Staunton, December 8 – “Under the conditions of the specific Russian culture of today, the ‘Russian world’ fulfills an important role,” Maksim Goryunov says. “The myth of the ‘Russian world’ helps people to hold out when they find themselves in complicated and unbearable circumstances.”
The Russian analyst says that “if an individual who grows up in the Russian cultural climate is not able to make a career, keep a family or maintain a business … the myth about the ‘Russian world’ helps him to avoid throwing up his hands or turning to vodka” (forbes.ru/mneniya-column/tsennosti/306971-russkii-mir-kak-zashchita-ot-otchayaniya).
And thus it is important to understand that “the ‘Russian world’ is not propaganda” and was not dreamed up in a Kremlin office. It existed long before pro-Kremlin talking heads mentioned it. It “exists now, and it will exist tomorrow when the hysteria [about it finally] settles down.”
Goryunov devotes his article to explaining why this is so and how the myth of the “Russian world” works. First of all, he says, “the ‘Russian world’ by accusing Jews/Caucasians/Asians for all their misfortunes removes the feeling of guilt for their own failures.”
Guilt is a destructive emotion, and people run from it. The “Russian world” is one mechanism that helps them do so. If a Russian loses his job, he isn’t guilty. The Zionists or the Americans or someone else is. That isn’t so important; what matters is that the Russian himself or herself never is. And he or she doesn’t not have to face reality or take responsibility.
But in this respect, “the ‘Russian world’ is like opium for the people about which Marx spoke, “an ideological opium” that may help people get through tough times but that through overuse strips them of the capacity for action, Goryunov suggests.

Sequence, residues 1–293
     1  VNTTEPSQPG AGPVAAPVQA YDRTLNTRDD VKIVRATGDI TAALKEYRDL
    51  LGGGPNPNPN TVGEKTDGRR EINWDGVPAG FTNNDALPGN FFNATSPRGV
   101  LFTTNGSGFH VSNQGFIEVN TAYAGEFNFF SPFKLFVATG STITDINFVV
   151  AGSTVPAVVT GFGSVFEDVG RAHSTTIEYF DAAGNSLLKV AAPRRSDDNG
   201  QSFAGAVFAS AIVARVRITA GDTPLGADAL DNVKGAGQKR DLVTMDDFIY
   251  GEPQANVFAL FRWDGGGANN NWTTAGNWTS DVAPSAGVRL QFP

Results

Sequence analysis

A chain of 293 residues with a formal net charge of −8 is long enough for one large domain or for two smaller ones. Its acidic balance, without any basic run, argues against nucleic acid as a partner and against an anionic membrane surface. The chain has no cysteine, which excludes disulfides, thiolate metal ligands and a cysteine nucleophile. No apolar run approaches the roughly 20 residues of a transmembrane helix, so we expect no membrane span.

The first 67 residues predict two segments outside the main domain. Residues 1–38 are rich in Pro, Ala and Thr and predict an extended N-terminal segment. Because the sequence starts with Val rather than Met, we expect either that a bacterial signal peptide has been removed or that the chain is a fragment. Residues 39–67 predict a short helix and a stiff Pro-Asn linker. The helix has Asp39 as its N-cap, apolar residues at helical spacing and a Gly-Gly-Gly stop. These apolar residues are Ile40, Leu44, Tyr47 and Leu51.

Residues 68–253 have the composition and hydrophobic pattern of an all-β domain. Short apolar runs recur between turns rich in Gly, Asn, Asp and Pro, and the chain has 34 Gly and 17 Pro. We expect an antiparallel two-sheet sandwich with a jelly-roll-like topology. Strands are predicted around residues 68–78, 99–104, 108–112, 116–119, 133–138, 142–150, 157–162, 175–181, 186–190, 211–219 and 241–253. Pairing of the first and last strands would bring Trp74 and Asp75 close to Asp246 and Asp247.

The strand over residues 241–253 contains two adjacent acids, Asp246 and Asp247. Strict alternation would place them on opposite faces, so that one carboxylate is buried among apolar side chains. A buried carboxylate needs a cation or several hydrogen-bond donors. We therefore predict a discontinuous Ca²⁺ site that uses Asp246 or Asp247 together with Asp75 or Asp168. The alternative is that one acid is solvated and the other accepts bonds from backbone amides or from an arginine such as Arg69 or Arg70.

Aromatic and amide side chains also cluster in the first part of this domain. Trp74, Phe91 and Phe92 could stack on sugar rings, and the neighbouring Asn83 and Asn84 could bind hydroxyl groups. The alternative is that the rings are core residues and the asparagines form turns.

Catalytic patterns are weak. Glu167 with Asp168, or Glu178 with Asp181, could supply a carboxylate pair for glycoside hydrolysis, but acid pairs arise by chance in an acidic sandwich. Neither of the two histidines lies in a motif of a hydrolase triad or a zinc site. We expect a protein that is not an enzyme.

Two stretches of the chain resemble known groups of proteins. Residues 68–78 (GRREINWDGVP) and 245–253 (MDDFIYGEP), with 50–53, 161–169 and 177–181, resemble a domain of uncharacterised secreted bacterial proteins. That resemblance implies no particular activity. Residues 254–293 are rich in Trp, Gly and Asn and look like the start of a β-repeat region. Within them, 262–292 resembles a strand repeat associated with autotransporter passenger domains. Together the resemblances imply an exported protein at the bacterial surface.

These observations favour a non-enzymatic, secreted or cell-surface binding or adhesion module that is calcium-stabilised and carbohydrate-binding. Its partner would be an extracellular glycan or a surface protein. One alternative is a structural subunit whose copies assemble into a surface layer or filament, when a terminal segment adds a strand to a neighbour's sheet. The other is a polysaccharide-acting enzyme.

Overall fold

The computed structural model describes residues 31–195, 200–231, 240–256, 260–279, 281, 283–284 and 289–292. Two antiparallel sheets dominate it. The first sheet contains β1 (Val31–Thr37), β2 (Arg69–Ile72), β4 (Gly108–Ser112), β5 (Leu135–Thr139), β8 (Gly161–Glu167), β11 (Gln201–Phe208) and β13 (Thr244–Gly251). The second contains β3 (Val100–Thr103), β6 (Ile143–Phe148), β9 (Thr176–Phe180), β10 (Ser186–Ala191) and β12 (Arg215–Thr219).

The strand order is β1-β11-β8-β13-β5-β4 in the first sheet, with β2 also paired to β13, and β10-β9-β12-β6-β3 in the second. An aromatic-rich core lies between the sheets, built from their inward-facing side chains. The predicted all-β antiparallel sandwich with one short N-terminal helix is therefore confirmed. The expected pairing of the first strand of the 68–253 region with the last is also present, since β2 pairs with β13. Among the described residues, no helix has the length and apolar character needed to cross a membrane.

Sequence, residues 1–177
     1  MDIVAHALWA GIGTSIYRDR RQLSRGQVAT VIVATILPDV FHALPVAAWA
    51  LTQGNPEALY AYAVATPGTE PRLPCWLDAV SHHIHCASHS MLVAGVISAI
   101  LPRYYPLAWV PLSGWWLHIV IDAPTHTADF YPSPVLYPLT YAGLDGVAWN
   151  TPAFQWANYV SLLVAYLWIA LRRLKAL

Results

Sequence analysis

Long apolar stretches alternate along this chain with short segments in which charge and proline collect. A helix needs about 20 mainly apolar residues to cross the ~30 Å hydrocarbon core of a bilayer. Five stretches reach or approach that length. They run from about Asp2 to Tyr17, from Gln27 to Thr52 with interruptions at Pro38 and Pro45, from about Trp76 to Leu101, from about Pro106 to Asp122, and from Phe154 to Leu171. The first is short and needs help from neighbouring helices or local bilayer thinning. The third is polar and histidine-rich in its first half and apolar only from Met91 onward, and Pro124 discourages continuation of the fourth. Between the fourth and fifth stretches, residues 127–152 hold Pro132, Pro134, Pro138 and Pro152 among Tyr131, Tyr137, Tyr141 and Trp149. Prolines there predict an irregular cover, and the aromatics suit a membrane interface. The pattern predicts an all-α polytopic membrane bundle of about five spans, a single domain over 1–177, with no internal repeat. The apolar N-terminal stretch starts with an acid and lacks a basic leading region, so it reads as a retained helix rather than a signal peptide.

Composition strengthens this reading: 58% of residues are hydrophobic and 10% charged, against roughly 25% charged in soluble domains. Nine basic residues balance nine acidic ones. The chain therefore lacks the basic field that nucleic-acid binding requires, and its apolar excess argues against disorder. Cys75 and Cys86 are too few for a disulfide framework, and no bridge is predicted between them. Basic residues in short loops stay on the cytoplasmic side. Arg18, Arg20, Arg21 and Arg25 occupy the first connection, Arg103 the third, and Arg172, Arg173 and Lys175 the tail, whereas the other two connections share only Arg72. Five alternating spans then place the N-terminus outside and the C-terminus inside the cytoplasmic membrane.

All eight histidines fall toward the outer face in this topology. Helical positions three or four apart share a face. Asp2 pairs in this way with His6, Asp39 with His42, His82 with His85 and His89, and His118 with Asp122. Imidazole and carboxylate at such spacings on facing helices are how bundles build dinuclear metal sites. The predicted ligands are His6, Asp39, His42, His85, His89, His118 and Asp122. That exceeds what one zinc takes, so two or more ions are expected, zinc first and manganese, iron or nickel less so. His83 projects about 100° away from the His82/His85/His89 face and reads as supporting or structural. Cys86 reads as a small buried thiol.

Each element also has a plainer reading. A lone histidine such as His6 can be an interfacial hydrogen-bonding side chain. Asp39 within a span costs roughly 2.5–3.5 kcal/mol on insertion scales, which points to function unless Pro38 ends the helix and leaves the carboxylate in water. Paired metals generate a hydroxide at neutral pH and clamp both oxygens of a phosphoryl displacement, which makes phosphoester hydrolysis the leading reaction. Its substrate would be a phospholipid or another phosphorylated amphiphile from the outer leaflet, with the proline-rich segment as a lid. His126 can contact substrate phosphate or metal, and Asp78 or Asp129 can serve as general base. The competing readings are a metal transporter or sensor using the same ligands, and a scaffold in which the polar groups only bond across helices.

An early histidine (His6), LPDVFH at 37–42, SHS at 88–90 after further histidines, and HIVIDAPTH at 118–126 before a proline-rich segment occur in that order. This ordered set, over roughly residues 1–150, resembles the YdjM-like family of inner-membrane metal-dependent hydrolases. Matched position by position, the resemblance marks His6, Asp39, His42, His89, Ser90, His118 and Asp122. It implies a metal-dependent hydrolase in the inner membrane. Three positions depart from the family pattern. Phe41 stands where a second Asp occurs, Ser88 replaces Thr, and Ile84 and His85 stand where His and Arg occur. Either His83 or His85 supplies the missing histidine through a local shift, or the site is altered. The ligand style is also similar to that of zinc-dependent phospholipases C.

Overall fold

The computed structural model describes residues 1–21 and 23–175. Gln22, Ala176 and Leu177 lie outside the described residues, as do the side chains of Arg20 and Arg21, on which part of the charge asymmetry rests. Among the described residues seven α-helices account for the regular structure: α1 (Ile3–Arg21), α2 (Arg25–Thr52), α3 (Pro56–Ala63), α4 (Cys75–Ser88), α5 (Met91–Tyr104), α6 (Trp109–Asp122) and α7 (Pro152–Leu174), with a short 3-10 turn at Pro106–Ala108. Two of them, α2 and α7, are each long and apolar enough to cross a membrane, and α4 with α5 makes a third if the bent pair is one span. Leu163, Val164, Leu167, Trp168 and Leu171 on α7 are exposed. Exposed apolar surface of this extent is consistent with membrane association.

A second way that the “Russian world” performs a psychotherapeutic function has to do with the victims it identifies. Sometimes, Russians talk about White Russian emigres who were driven into poverty abroad by the Zionists; more often, they talk about the Russian Cossacks who have suffered so much.
“As a rule,” Goryunov writes, “Russian men who have suffered a major failure sooner or later join the Cossacks. A Russian Cossack is such an amoral government actor and holy thief who by his theft serves the fatherland and by his amorality God.” Such people thus become romantic heroes precisely because they are driven to this by oppression.
Not all Russians take refuge in the “Russian world,” of course. “If someone formed in a Russian milieu is in a situation where ‘everything is going well,’ he will not think about the ‘Russian world.’ More likely, he will with satisfaction laugh about it” – because he doesn’t need the kind of therapy it provides.
That in turn means, the analyst says, that “even if tomorrow Russia was suddenly transformed and became normal, the ‘Russian world’ would not go anywhere. It would remain very much alive in the dregs of Russian society.” It would in short return to where it was two years ago, but it will last 200 years after Russia disappears “if of course it does disappear.”
There is a “radical” cure for the “Russian world.” It consists of economic growth and a just distribution of incomes. “The richer Russian society will be, the less of the ‘Russian world’ there will be in it.”
Indeed, the connection between the myth of the “Russian world” and misfortune and a poor quality of life is much like the connection between those factors and tuberculosis. And the cure is thus much the same.
The myth is thus useful – it provides a reduction in “discomfort from failure” – but only temporarily. Like any ideological opium, the ‘Russian world’ destroys if it is used for too long. It is sufficient to look at ‘professional Russians’ in order to understand how fatal it can be in large doses.”
But even small doses can be dangerous under some circumstances. It can lead those who take it to avoid responsibility to meet their ends “in the Ukraine steppe or in the mountains between Syria and Turkey.”